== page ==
Thin line between desire and dread: Dopamine controls both
The chemical dopamine induces both desire and dread in adjacent regions of the brain, according to new research at the University of Michigan.
Dopamine is commonly known to motivate animals and people to seek positive rewards. The study breaks new ground by showing dopamine is also involved in negative feelings such as fear. This perhaps explains why dopamine dysfunction is implicated in drug addiction, which involves excessive desire, and in schizophrenia and other phobias involving anxiety and fear.
Kent Berridge, a U-M psychology professor who oversees U-M's Affective Neuroscience & Biopsychology Lab, and his U-M colleagues identified dopamine's dual effect at the nucleus accumbens, a brain region that motivates people and animals to seek out pleasurable rewards such as food, sex or drugs, but is also involved in fear. The research is detailed in the July 9 issue of the Journal of Neuroscience.
They found that inhibiting dopamine's normal function prevented the nucleus accumbens from inducing both rewarding and fearful behaviors, suggesting that dopamine is important in both.
In previous research, Berridge and colleagues showed that a distance of only a few millimeters separate desire and dread functions in the nucleus accumbens. Because dopamine is an important neurotransmitter in this brain structure, the researchers investigated its role in generating these functions in the current study.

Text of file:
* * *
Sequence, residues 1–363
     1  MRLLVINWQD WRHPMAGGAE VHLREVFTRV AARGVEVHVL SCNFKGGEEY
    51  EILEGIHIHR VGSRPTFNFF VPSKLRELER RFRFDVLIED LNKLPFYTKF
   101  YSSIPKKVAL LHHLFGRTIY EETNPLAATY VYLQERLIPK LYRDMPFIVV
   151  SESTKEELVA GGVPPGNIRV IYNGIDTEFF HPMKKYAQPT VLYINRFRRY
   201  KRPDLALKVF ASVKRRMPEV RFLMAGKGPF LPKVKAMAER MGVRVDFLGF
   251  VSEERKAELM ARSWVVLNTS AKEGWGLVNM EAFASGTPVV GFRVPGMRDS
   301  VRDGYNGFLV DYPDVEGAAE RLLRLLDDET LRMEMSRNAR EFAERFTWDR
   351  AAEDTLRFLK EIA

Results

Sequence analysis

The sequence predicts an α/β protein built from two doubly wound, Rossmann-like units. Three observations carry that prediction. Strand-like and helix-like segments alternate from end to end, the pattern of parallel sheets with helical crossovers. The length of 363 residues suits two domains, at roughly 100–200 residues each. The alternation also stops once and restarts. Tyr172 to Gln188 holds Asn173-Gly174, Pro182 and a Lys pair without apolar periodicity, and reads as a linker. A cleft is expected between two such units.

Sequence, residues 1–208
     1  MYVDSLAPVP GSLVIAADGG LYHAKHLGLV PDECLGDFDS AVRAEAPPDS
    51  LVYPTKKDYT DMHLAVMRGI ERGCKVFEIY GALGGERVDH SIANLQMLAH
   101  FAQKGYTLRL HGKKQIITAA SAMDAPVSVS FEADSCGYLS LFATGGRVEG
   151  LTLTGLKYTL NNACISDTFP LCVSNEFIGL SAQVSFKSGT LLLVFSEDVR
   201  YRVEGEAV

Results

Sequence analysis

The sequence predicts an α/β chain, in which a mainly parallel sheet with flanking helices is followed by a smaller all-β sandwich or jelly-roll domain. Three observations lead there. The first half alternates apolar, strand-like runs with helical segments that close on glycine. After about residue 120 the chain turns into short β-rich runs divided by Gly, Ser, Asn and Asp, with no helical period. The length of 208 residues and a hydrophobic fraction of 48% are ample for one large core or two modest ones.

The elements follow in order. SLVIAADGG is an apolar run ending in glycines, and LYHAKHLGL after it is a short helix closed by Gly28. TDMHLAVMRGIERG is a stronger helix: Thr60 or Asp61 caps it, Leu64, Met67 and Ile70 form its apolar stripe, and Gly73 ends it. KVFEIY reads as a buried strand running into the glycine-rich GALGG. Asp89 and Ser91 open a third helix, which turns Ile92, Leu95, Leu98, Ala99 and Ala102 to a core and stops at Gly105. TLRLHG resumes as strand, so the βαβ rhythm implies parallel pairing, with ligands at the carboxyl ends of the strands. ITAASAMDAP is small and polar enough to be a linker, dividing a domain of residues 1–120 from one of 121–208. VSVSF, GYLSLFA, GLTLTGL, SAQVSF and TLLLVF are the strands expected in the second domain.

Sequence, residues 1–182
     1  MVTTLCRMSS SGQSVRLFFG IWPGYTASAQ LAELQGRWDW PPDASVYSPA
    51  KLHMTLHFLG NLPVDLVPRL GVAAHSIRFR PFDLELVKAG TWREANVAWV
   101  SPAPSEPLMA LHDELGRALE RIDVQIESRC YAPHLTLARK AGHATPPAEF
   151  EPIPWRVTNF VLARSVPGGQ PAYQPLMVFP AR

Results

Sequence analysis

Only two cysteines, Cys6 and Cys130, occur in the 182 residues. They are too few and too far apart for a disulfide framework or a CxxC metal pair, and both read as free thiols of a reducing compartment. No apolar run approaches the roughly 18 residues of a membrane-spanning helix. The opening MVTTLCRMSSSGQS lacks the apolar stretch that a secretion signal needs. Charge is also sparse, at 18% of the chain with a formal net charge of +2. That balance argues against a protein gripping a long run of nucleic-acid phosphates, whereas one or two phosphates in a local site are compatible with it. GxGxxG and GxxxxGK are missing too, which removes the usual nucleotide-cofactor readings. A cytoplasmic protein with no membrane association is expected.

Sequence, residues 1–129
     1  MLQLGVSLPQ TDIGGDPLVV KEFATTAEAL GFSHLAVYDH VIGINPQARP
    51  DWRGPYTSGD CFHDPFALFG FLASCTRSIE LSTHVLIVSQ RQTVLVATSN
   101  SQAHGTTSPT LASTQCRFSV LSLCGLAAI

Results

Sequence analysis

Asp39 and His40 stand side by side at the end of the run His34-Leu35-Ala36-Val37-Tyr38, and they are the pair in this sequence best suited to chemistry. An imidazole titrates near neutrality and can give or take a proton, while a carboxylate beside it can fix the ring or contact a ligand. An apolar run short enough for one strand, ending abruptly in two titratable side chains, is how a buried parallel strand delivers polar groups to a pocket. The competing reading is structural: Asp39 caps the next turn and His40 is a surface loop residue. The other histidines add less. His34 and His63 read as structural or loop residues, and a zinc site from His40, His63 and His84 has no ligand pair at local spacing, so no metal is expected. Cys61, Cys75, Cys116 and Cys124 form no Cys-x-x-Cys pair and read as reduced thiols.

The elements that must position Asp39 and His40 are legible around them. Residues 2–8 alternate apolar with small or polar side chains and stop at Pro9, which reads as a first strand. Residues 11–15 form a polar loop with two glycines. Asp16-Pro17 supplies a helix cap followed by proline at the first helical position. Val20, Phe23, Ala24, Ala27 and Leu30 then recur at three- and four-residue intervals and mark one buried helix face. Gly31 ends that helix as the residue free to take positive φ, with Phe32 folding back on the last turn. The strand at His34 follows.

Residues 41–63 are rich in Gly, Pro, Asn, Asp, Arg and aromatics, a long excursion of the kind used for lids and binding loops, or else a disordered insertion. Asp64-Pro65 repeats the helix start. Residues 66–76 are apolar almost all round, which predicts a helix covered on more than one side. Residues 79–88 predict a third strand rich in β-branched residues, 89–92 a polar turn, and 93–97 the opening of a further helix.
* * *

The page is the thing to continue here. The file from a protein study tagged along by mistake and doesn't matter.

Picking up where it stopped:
When dopamine was allowed to act normally, injection of a chemical in the front of the nucleus accumbens caused rats to eat nearly three times as much as they normally do. In contrast, injection of the chemical in the back of the nucleus accumbens caused rats to display fearful behavior normally shown in response to a predator.
Berridge speculates that disruption of dopamine neurotransmission in one region of the nucleus accumbens may be a mechanism for pathological excesses of fear in disorders such as schizophrenia. He also suspects disruptions in dopamine neurotransmission in an adjacent region may be a mechanism for excessive reward-seeking in conditions like addiction.
The research was supported by the National Institute of Mental Health and the National Institute on Drug Abuse.
Source: University of Michigan